– The bill was so extensively pale with such a finely demarcated black tip for a bird that was otherwise not very advanced in plumage.
– The bill looked rather large and heavy, especially at the tip.
– The eye color was orange-yellow, not light, but definitely not dark.
– The legs were dingy pinkish-flesh.
While none of these features really eliminate Thayer’s Gull, they are consistent with “Nelson’s Gull,” the name given to Herring x Glaucous Gull hybrids as well. But try as we might, we could not get the bird to fly closer. I never saw it with the wing fully outstretched, but the bird was photographed well in flight earlier.
It was not a big bird, and looked smaller than most – but definitely not all – of the nearby Herring Gulls. Most Nelson’s I’ve seen are noticeably larger, but large gulls are notoriously variable. But look at this shot – it sure doesn’t look small compared to the 1st cycle Herring Gull on the left! And see that deep build? It doesn’t look at slim and dainty as many Thayer’s look (speaking of variable – and subjective – gull criteria). The head looks rather blocky, and the bill was rather hefty.
Meanwhile, shortly after my arrival and the beginnings of ponder the mystery gull, a Carolina Wren sang…number 200! Yeah, it was pretty obvious to all that my NH birding has mostly been in the mountains, but this was a silly hole that somehow was not filled on previous coastal trips. Mission accomplished. So I went back to pondering the gull. And, with daylight fading and the long drive (especially for Kristen) still ahead of us, we hurried over to RyeState Park to catch up with a Snowy Owl (201), which was one of our real targets of the day. With at least 12 birds seen along the coast on Saturday, we were surprised that – despite the amount of birders combing the coast – it took us all day to see a Snowy (it sounds like a total of 2 or 3 were seen along the coast by day’s end).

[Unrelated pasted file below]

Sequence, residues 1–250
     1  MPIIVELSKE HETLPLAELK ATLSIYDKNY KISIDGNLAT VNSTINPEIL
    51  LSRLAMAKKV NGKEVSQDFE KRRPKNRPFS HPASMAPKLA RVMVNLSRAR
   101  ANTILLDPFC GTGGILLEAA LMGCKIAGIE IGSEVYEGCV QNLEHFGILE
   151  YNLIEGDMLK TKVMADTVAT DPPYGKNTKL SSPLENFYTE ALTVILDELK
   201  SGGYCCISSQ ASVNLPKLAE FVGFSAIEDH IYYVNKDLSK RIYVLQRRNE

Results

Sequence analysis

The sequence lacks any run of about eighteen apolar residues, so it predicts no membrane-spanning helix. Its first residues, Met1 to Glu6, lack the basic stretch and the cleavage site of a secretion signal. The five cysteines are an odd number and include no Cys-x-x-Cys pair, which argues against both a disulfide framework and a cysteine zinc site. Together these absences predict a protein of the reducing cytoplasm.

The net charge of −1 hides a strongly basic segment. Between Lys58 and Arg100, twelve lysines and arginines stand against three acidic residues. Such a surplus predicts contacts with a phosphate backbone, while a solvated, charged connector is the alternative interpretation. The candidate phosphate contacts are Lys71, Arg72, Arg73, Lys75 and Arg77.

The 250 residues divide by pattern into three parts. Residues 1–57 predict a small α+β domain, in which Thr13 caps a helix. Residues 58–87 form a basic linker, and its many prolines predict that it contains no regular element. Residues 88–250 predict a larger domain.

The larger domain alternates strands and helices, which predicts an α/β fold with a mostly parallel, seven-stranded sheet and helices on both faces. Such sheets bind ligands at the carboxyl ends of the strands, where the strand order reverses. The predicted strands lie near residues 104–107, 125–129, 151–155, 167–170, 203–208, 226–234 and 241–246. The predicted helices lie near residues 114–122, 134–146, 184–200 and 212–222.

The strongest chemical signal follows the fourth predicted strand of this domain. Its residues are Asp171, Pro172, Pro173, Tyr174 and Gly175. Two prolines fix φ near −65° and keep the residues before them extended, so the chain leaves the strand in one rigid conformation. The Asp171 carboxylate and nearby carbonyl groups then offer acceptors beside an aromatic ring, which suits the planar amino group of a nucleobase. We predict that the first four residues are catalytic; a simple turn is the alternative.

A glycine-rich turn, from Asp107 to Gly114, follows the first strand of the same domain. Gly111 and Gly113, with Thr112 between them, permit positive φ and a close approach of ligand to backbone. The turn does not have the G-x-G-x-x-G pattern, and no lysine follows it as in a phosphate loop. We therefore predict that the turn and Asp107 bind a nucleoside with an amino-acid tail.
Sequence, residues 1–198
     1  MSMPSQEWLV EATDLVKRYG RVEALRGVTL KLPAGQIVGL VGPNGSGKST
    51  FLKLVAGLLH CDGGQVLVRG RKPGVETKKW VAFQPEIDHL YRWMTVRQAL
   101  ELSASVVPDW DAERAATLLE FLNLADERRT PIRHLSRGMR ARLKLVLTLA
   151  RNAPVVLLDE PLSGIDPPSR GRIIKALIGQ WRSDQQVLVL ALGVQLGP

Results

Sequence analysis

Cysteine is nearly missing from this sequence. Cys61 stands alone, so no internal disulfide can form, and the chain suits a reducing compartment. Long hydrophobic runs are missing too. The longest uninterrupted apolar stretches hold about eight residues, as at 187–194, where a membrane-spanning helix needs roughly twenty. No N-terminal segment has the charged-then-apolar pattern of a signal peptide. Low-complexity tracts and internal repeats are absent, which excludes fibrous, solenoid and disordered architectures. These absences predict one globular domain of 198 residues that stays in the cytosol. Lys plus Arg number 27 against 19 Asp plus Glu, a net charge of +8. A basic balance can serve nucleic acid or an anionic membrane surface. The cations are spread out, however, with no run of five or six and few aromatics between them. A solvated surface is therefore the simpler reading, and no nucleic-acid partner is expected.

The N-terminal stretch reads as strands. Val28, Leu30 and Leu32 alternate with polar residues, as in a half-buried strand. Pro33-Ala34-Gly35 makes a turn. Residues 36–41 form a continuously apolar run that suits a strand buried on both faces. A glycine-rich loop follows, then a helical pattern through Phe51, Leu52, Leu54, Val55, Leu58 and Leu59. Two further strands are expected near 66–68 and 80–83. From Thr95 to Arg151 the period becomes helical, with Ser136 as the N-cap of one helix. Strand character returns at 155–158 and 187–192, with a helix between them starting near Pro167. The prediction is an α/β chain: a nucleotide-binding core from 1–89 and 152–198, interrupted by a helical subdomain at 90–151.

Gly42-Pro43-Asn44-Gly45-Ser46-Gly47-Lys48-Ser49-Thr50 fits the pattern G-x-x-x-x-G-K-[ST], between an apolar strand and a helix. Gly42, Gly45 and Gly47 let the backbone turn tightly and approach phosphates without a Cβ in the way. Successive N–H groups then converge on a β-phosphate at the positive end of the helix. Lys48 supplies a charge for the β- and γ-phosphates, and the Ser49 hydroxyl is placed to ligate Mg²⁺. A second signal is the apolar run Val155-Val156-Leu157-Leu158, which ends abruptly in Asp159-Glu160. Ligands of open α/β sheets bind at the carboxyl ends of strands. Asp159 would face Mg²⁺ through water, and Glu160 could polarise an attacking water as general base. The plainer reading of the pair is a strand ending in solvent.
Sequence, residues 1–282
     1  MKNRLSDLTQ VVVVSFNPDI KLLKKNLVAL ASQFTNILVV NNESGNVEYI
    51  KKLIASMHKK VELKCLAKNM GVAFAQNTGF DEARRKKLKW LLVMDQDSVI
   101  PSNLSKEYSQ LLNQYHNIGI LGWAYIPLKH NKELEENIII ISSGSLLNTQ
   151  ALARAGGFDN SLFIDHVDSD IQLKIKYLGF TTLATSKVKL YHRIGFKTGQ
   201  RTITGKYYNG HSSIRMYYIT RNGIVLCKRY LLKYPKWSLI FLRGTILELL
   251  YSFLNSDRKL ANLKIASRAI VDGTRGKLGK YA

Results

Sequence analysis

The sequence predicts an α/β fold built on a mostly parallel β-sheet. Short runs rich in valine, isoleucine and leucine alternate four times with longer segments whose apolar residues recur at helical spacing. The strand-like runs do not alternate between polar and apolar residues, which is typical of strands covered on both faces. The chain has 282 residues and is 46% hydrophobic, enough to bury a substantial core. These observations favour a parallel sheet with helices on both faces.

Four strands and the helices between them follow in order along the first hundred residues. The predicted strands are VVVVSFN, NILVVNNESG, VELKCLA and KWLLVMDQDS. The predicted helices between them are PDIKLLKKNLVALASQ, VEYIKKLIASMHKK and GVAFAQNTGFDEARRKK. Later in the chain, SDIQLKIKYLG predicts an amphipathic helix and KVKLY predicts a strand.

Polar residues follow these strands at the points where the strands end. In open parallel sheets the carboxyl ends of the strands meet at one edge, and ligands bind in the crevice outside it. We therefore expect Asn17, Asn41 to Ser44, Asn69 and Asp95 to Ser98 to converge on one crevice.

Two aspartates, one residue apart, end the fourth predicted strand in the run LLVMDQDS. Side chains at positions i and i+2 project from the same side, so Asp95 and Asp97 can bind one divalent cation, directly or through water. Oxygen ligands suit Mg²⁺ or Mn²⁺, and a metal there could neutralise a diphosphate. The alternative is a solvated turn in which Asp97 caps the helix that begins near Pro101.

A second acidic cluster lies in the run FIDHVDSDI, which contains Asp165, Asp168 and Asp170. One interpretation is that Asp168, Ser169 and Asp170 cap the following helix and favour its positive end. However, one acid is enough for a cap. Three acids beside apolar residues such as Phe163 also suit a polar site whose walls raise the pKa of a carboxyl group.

Driving home, we listened to the Pats once again stage a come-from-behind victory, and as Kristen departed, I hit our library and the internet for some gull study time. After reviewing my photos of the standing gull, and comparing that to the photos in references – especially Howell & Dunn – and online, I was definitely leaning more towards Thayer’s Gull, as most of my concerns seemed to be accounted for. But I needed to see the spread wing.
And then Ben forwarded me Jason’s photos. My response was simple, “Ewww.” The extensively dark primaries were as extensive and dark as they appeared in the field. While darker Thayer’s can show dark shading bleeding onto the inner webs of the outermost primaries, the outer three primaries on the Eel Pond bird were clearly wholly dark, and the dark was extensive on the next two as well. I just don’t think a Thayer’s can show that. While no single field mark alone can define any gull, this very well could be enough on its own to eliminate a Thayer’s (or, dare I say it, a pure – whatever the hell that means – one), a bird known for its “picket fence” primaries of dark outer webs contrasting with pale inner webs. Adding that with the other features – including the structure of the head, bill, and body – I’m unable to call this a Thayer’s Gull. Short of a DNA sample, it’s a “Nelson’s Gull” to me, although I think there is some argument to be made for this to not be a first-generation hybrid. I sent the link to Jason’s photos (which are far superior to my own) to a handful of friends, and they have so far concurred that this is a Nelson’s-type gull. But, gulls are one of those birds that everyone can have a different opinion on, so I await responses from others. I just hated to rain on the parade, especially since Lauren and Ben were so helpful in my little listing quest that initiated the day.
Ahh, large gulls. The Snowy Owl was easier to identify. I like Snowy Owls.